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Nether Lochaber
Chapter XXXVIII


Warm showery Summer, disagreeable for the Tourist, but pastorally and agriculturally favourable —Xiphias Gladius, or Sword-Fish, cast ashore during a Midsummer Gale— Garibaldi dining on Potatoes and Sword-Fish steaks at Caprera—The General's Drink— Medicinal virtues of an Onion—Nettle Broth—Translation of a New Zealand Maori Song.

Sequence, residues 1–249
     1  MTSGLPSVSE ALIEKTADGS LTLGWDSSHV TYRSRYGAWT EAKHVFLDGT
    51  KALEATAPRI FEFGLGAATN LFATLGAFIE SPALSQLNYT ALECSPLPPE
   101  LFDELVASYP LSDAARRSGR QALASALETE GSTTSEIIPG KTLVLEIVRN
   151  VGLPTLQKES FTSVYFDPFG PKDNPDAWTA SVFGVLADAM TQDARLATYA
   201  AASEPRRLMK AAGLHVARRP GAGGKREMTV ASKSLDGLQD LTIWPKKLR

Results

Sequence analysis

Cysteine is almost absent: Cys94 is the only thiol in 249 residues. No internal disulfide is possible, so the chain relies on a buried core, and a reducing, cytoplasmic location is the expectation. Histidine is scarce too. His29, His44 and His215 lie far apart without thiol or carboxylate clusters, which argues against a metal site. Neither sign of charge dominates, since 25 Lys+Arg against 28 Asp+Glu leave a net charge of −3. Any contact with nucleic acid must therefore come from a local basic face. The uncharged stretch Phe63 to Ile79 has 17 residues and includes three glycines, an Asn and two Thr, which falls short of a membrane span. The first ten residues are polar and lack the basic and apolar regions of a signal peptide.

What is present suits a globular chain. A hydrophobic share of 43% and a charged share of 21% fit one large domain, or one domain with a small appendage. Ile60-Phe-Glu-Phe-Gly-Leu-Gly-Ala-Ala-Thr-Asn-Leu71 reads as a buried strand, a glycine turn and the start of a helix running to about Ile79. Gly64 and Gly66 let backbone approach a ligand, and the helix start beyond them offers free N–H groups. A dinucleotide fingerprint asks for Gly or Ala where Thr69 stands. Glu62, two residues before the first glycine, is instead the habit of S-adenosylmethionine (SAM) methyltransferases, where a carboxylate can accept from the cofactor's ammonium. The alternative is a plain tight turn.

''Rather showery, sir," exclaims the pleasure-seeking butterfly tourist as he stands at his hotel window, or settles himself as comfortably as may be on the box-seat of the coach in the morning. "Not a bit of it, sir," responds the sturdy agriculturist or well-to-do drover; "not a bit of it, sir, the finest growing weather we could have : cattle and sheep getting into condition famously!" [July 1873]. In such a case it is best to avoid declaring positively for either party. In medio tutissimus ibis. Both are right from their individual standpoint; that of the agriculturist and drover being the utilitarian and anti-poetic, while the sentimental tourist, bent on sight-seeing and recreation, very pardonably grumbles that instead of clear skies and refreshing breezes he is as often as not enveloped in mist and small rain. In any case the country is at present most beautiful, and despite the grumblings of a few, who foolishly expect to have "a' the comforts of the Sautmarket" about them whithersoever they wander, such batches of tourists as we forgather with from time to time are in raptures with our glens, and bens, and lochs, and richly wooded shores, as well they may. And never before in the West Highlands were all the conveniences for "touristing" with ease and comfort, and all reasonable despatch, so perfect and so varied.